Although releasing aquarium pets into open waters can be harmful for natural ecosystems, this phenomenon is quite common (Gherardi et al., 2007, Lipták and Vitázková, 2015). Aquarists often believe this is a more humanitarian solution than killing unwanted pets (Duggan, 2011). In some cases, stable populations of exotic species pose a threat to native species and entire ecosystems including increased predatory pressure on indigenous fauna or introduction of new diseases or pathogens (Gherardi et al., 2007, Klotz et al., 2013, Weber and Traunspurger, 2016). So far, no such threats associated with N. davidi have been found in nature. On the other hand, most tropical organisms introduced to natural waters in temperate climates are not able to survive the winter. Some, however, do find the new conditions advantageous. Klotz et al. (2013) noted that the native habitat of N. davidi is not tropical, since the water temperatures range from 6 °C in winter to 30 °C in summer. Such winter temperatures are still 2–4 °C higher than those in Central Europe (Wetzel, 2001). Nevertheless, the global warming associated with prolonged periods without cold spells in winters and heat waves in summers (Anders et al., 2014), makes the temperate zones more prone for acclimatization of thermophilic species. Such is the case of the predominantly Mediterranean scarlet dragonfly, Crocothemis erythraea (Brullé, 1832), recently expanding its breeding range in Central Europe (Ott, 2010). We suppose that thermally polluted water bodies may serve as gateway ecosystems in which such species adapt to local conditions and, in the future, colonize natural waters. After acclimatization, the further spread of alien freshwater species is usually promoted by other human activities, such as building artificial channels connecting previously isolated river basins, inland waterway transportation, tourist movement as well as by ecosystems degradation (Gherardi, 2007). Thus, we suspect that, with increasing propagule pressure from amateur aquarists, further climate warming and connection of inland waterways, N. davidi will likely spread in Central Europe and become a stable element of local fauna, as the thermophilic Procambarus clarki (Girard, 1852) has in many other regions of Europe (Souty-Grosset et al., 2016). It would be beneficial to promote the education and awareness of the problems of releasing non-native aquarium species into water systems. This activity is an adverse procedure for natural environments, particularly because controlling such activities is very difficult.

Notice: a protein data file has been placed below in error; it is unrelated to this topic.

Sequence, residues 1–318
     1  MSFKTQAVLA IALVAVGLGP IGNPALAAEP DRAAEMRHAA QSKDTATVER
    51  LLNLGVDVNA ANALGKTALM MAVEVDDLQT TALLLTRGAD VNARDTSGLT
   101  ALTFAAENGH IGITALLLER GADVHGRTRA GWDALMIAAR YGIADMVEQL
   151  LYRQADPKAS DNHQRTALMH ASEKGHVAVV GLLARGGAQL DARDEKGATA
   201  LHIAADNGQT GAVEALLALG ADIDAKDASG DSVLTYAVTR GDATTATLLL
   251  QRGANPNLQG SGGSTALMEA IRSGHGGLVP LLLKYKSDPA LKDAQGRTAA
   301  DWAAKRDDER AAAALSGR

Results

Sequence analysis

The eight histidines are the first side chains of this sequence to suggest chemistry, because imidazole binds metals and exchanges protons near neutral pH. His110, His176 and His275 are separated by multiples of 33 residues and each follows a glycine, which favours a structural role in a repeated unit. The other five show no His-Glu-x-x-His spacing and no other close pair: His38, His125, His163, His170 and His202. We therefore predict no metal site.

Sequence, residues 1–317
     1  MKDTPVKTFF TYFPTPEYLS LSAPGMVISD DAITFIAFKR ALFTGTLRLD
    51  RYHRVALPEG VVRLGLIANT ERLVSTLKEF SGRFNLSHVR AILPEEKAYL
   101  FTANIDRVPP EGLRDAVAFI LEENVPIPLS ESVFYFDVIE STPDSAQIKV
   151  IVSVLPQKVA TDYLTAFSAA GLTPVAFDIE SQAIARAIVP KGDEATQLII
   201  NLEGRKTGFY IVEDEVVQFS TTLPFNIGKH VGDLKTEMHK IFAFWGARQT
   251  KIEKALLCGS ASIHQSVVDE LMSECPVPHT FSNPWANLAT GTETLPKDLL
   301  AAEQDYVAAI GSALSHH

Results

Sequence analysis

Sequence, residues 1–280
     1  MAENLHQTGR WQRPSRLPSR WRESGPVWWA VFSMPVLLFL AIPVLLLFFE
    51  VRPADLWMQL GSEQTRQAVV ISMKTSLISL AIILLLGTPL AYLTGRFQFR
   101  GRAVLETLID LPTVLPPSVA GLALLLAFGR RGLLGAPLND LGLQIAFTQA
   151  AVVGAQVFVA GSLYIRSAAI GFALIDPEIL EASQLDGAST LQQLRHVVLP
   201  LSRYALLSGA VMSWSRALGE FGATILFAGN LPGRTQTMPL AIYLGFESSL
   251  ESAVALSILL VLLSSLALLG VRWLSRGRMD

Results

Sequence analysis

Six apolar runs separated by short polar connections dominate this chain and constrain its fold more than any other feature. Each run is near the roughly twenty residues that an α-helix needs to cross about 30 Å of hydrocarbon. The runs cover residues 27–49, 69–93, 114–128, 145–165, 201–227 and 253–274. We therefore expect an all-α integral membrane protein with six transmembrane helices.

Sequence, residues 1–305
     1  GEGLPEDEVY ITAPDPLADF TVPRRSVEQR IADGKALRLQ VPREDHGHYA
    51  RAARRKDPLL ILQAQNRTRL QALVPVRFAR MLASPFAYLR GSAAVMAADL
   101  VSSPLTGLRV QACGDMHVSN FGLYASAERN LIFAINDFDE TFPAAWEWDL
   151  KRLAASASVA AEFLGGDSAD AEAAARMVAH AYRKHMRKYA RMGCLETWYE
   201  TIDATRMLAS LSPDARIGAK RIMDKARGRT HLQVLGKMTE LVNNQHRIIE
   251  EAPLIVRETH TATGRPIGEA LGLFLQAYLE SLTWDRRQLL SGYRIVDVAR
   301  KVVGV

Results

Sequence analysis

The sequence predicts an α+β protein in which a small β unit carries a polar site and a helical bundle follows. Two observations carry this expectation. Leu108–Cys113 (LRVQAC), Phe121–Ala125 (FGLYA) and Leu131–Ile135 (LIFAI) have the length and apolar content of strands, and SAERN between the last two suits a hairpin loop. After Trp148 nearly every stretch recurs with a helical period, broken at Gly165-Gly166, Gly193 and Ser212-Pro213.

Acknowledgements

The study was supported by the internal funds of the University of Lodz. We would like to thank Andrzej Zawal (University of Szczecin) and Jacek Sadowski (West Pomeranian University of Technology Szczecin) for providing some material used in this study. Finally, we would like to thank dr. Tammy Horton, National Oceanography Center, Southampton, UK, for the language corrections.

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Cite this article as: Jabłońska A, Mamos T, Gruszka P, Szlauer-Łukaszewska A, Grabowski M. 2018. First record and DNA barcodes of the aquarium shrimp, Neocaridina davidi, in Central Europe from thermally polluted River Oder canal, Poland. Knowl. Manag. Aquat. Ecosyst., 419, 14.

All Tables

Table 1

Sequences used in analysis

All Figures

thumbnail Fig. 1

Neighbour-Joining tree constructed for newly obtained and GenBank-stored sequences of Neocaridina davidi.

In the text